Note: Featured photo above was updated on July 6, 2013 from Chelsea’s wedding on August 3, 2012.
I have three beautiful brown daughters. I love their individuality; I love each of them for them. No coincidence that I had children with varying skin tones — both my parents come from families that run the gamut from ebony to tan, black eyes, brown eyes, green eyes and blue eyes. I actually married with the intent of having “brown babies” because I am on the lighter side of the spectrum and their dad is darker. And much to my delight, my daughters happen to be three shades of brown — espresso (Chelsea), cafe mocha (Taylor) and cappucino (Lindsay).
However, I was not so delighted with the conversation that I had with my eldest daughter the morning she turned 5. She was sooo excited to reach the big 5, so I couldn’t wait to hear her observations regarding her first moments of reaching her major age milestone.
Me — “How do you feel today baby?”
Chelsea, checking out her body head-to-toe — “Ummm, well, I’m still brown.”
Me — “Yes, of course you are still brown. Did you think that would change?”
Chelsea — “Yes.”
Me — “What was going to change?”
Chelsea — “I was going to wake up pretty like Taylor.
Me — “But you are already pretty honey.”
Chelsea — “No, everyone thinks Taylor is pretty, and she is white.”
My heart fell into my stomach. Just nine days earlier I had given birth to my second daughter, Taylor. Well, as it turned out, Taylor looked like a white baby when she was born. Even my husband looked at me with a big question mark in his eyes. I didn’t think a second thought, she was mine and she was his, and I was confident that she would “brown up” in time. Today there is no doubt about Taylor being a brown girl.
I felt like I had failed my beautiful chocolate girl. I loved her so much and gave her so much affirmation, I couldn’t believe that she was not happy with her brown skin. I explained to her that brown comes in all shades. We looked at family pictures so she could see that we were the rainbow coalition. She still wasn’t having it. We had to go buy some white dolls. Her beloved Daisy, the dark brown bald cabbage patch took a second chair to her new Hawaiian Barbie. (I really had a problem getting her a full-fledged white doll) Eventually I broke down and got her a few dolls with fair skin, but I just hated it.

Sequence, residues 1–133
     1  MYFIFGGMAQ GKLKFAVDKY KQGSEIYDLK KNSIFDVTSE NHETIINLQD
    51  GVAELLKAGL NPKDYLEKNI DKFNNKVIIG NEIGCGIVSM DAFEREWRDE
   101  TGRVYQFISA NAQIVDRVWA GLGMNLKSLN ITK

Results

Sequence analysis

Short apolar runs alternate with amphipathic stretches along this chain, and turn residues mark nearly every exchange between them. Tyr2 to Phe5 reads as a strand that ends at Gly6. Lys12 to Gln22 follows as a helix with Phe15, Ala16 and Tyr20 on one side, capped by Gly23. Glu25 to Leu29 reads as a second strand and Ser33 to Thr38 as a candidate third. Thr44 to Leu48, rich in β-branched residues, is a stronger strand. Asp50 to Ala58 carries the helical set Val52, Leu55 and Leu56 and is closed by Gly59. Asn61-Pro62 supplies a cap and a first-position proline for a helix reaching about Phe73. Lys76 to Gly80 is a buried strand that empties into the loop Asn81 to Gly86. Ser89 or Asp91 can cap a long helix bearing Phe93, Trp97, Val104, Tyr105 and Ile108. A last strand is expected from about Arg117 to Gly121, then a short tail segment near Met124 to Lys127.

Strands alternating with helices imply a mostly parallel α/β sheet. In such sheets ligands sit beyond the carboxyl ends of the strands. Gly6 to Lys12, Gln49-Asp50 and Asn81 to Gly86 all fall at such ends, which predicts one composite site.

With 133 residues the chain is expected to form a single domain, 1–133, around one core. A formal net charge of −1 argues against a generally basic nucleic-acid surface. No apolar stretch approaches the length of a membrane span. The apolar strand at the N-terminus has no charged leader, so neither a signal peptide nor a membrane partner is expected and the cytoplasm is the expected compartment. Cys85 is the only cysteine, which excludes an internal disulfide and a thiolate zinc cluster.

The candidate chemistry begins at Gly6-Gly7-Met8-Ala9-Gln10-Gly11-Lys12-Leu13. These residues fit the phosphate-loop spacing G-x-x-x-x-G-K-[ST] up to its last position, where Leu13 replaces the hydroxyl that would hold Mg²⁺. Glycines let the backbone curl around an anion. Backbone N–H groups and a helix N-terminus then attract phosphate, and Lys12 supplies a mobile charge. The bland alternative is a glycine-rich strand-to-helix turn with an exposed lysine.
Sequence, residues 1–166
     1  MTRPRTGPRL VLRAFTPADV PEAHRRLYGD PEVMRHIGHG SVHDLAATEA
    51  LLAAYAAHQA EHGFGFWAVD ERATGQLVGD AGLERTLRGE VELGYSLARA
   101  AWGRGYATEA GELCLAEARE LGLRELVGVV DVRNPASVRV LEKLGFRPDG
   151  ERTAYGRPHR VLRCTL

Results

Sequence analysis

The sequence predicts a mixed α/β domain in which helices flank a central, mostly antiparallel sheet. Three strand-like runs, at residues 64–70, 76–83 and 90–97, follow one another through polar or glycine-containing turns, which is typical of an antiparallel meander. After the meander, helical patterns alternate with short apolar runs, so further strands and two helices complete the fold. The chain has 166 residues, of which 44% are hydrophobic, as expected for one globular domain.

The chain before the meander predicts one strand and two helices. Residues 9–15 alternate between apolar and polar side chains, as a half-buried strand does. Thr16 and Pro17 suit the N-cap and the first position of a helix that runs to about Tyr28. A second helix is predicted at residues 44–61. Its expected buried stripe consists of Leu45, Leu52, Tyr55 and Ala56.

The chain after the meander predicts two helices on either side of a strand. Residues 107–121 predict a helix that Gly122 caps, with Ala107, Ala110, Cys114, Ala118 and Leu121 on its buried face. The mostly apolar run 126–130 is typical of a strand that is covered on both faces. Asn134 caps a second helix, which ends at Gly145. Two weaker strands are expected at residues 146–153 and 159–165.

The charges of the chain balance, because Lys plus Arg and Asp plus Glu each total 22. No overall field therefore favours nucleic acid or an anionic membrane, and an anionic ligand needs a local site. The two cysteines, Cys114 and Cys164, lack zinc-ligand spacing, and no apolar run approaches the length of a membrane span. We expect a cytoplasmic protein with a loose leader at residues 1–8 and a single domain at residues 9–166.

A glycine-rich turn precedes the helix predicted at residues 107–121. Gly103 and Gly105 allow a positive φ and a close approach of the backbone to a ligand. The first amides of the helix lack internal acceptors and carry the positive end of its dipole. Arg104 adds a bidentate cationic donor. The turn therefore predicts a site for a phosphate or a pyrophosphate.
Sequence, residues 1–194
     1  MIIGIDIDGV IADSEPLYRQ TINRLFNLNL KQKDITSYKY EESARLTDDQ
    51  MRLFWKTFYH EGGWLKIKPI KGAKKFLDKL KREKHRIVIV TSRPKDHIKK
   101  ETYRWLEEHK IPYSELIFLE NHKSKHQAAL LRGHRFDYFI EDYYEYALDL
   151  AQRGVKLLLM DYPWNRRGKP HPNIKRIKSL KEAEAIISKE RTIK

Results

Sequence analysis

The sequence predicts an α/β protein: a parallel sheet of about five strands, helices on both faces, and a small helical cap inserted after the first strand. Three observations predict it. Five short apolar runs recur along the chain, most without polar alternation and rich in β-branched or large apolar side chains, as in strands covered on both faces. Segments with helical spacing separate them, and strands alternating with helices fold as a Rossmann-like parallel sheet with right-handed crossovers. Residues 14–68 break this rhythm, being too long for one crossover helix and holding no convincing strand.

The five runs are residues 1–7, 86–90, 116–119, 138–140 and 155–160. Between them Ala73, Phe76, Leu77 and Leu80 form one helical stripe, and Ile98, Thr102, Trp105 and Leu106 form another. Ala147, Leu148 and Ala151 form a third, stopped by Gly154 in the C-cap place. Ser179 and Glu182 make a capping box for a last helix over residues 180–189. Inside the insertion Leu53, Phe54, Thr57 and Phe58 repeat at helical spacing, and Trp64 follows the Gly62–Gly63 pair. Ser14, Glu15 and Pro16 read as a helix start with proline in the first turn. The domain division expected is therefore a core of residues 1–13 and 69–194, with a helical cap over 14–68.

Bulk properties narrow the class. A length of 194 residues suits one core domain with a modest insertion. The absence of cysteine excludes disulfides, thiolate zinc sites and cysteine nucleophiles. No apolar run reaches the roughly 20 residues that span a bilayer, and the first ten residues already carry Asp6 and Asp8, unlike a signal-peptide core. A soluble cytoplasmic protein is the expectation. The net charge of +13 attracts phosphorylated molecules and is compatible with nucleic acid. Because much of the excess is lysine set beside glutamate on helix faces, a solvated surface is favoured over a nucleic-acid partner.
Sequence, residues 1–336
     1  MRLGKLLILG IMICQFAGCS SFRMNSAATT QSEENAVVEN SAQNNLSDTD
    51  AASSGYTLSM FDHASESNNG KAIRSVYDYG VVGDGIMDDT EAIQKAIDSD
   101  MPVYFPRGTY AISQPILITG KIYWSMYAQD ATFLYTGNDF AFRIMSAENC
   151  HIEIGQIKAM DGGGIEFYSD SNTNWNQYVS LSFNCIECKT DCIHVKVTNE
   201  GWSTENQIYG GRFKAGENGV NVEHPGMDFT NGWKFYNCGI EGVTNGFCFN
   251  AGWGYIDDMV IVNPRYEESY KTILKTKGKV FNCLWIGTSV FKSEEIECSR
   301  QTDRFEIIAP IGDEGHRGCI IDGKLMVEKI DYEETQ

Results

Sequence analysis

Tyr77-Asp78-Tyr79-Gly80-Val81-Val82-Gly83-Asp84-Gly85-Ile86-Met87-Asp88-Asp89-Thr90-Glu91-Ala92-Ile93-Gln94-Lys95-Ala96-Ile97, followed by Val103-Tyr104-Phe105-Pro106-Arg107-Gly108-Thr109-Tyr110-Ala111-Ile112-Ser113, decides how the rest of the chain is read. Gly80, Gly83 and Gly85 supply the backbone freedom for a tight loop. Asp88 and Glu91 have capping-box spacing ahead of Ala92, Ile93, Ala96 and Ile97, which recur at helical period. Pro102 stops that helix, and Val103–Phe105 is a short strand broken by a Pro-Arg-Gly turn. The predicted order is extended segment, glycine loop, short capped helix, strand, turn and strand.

I grew up not embracing my brownness. Sheltered from black culture and without a single black childhood friend, I was determined that my children would not grow up with the ignorance and lack of self love that I did. Thanks to my Black Panther aunt, by the time I was a senior in high school, I was trying to sport an afro. It took quite some effort for my soft hair to stand up, but I figured it out! I had a period of being the most militant person in Santa Rosa with perfect diction and a sorry looking ‘fro. Fast forward to parenthood…
My determination as a parent was to instill pride, self-love and cultural awareness in my daughters. I think I succeeded. By the time number three came around, even lighter than the second, Chelsea was a whole new person. “I hope that baby gets some color…” Today Chelsea is a 22 year old young woman who loves her black skin and her full hips. Her poetry written in her Poetry For The People class at Cal Berkeley is proof of her complete confidence in her brown girl swagger.
I love my three shades of brown — espresso, cafe mocha and cappucino.